Can someone develop and publish apps
10 tips that clients should consider when developing an app
3) Multiple platforms = more effort
Multiple platforms mean more effort at first sounds absolutely logical, since with native development the app has to be developed individually for each platform (iOS, Android, Windows Phone, ...). Hybrid development could provide a remedy here. But unfortunately this does not always work out.
For a more detailed understanding, let's look at the individual phases of a project:
The basic idea of our app is independent of platform and technology, but should not completely ignore the possibilities and limitations of these
When designing the app, we have to take care of workflows, user interactions and the structure of the app. Here it is important to orientate yourself on the paradigms and possibilities of the individual platforms. In this respect, separate adjustments and extensions to the basic concept may be required for each individual platform.
The basics of the design are identical across platforms, but different designs must also be created for the different user interfaces of the individual platforms and the associated peculiarities or different UI elements.
If the app is developed natively, the full effort per platform must be expected. In the case of hybrid approaches, the effort only has to be calculated once, but optimizations and special adjustments are necessary for each platform. (See also: Web apps vs. native apps)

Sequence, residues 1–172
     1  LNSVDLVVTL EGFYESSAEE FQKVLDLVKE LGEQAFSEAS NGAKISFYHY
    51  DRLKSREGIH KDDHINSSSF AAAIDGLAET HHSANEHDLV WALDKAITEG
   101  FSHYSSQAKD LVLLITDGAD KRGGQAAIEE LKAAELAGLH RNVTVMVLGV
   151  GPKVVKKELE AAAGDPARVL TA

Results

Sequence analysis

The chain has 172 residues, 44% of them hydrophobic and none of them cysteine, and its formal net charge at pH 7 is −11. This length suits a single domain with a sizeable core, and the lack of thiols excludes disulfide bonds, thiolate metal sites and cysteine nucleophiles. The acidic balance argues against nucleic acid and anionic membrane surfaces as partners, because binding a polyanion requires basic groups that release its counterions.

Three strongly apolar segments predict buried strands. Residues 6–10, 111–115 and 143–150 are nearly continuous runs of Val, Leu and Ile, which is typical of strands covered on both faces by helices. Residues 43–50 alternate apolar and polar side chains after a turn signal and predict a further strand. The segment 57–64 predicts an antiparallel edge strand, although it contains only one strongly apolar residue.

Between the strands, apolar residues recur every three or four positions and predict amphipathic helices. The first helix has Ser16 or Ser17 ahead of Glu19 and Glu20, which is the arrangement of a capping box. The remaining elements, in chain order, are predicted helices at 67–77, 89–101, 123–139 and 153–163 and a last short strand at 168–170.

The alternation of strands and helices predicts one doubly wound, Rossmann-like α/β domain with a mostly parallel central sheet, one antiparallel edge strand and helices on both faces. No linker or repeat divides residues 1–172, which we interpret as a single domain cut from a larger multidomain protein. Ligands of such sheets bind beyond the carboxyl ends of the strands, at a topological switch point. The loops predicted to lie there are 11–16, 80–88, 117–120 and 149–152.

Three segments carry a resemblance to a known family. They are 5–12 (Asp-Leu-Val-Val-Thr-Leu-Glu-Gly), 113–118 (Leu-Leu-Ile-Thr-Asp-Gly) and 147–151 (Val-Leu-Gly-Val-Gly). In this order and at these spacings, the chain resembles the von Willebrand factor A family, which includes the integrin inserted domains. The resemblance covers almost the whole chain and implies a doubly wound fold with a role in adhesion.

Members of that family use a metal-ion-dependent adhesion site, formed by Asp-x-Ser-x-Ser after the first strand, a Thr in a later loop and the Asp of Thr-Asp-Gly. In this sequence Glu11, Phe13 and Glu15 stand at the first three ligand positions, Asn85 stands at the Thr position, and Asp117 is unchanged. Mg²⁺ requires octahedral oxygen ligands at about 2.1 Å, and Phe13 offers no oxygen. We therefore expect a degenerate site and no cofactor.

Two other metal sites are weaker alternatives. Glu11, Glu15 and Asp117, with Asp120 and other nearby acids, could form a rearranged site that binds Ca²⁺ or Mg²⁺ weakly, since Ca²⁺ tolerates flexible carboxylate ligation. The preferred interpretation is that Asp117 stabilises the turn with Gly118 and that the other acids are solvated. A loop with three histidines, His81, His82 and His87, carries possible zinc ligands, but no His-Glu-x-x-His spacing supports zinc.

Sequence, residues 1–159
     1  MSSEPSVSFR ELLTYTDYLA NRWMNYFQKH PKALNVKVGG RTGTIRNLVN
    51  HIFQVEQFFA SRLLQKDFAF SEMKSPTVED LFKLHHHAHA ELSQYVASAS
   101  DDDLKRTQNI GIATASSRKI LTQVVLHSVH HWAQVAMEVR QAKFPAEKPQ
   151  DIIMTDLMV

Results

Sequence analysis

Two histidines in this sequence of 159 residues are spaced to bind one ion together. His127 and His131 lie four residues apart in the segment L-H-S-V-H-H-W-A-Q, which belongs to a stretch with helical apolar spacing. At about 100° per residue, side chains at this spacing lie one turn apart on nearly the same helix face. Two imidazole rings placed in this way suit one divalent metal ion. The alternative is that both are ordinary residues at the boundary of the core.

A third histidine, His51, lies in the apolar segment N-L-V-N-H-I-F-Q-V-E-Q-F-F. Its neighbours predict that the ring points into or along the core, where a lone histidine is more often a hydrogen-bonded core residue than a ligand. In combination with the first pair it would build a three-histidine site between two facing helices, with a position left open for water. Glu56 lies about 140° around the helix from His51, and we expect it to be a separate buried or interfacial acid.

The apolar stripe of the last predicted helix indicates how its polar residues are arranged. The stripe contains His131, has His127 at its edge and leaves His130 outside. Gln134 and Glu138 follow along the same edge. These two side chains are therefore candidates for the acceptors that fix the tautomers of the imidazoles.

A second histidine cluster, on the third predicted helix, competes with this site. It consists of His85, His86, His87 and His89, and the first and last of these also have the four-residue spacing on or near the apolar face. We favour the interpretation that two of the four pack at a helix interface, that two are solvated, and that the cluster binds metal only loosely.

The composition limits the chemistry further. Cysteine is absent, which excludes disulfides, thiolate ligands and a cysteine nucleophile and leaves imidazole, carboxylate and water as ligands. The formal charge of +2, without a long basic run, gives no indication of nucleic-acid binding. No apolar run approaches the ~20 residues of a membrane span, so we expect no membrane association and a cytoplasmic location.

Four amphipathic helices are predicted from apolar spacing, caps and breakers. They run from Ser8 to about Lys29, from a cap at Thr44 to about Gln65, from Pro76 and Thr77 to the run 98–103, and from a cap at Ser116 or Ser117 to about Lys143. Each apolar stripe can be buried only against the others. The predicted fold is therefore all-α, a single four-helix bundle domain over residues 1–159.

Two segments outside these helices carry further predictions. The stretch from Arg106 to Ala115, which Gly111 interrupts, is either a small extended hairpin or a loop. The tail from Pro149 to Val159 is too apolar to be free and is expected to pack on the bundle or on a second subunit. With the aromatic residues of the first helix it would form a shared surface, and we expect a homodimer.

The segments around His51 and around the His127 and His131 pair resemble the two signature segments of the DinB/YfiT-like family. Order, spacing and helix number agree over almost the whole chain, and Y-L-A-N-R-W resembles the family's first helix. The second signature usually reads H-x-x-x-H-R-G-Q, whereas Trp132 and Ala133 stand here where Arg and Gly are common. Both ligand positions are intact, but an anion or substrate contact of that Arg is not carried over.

When testing, we always have to calculate the full effort for each platform - regardless of the technology used to develop it. Because the app has to be tested with several devices and display resolutions on every platform. (See also: Effort in testing apps)
- Maintenance / support:
All operating systems are constantly being further developed. If a new version with several changes is published, the app must at least be tested on this and possibly also adapted. The structure of the App Store entries and the store guidelines can also change. This means that, regardless of the chosen implementation technology, there are always costs per platform.
4) Choose the right technology
The decision on the technology should, if possible, always be made at the end of the conception phase, since a sensible choice depends heavily on the planned functions and the framework conditions of the project. Every technological decision should be assessed in terms of initial effort, future support and, above all, future security.
As soon as the storage of user data, the connection of external data sources or complex data processing are involved, the app will need support from a server component. The aim should then be to move the business logic of the app into the backend. The app can be created and maintained centrally and does not have to be implemented individually for each platform. This not only saves effort, but above all avoids unintentional differences between the individual platforms and thus minimizes the potential for errors.